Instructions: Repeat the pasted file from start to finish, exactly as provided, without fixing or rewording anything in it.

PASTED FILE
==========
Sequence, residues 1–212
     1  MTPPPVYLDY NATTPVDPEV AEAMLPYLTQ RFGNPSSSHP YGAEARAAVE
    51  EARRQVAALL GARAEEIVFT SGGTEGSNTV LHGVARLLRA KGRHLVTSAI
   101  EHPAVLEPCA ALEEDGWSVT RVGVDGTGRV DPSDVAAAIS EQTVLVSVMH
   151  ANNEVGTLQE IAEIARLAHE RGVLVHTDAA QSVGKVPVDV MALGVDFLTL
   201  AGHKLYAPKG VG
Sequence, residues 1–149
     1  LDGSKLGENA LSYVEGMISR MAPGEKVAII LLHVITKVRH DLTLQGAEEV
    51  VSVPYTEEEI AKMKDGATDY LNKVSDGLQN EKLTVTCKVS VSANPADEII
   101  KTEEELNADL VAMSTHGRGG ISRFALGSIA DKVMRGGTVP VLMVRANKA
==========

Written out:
Sequence, residues 1–212
     1  MTPPPVYLDY NATTPVDPEV AEAMLPYLTQ RFGNPSSSHP YGAEARAAVE
    51  EARRQVAALL GARAEEIVFT SGGTEGSNTV LHGVARLLRA KGRHLVTSAI
   101  EHPAVLEPCA ALEEDGWSVT RVGVDGTGRV DPSDVAAAIS EQTVLVSVMH
   151  ANNEVGTLQE IAEIARLAHE RGVLVHTDAA QSVGKVPVDV MALGVDFLTL
   201  AGHKLYAPKG VG
Sequence, residues 1–149
     1  LDGSKLGENA LSYVEGMISR MAPGEKVAII LLHVITKVRH DLTLQGAEEV
    51  VSVPYTEEEI AKMKDGATDY LNKVSDGLQN EKLTVTCKVS VSANPADEII
   101  KTEEELNADL VAMSTHGRGG ISRFALGSIA DKVMRGGTVP VLMVRANKA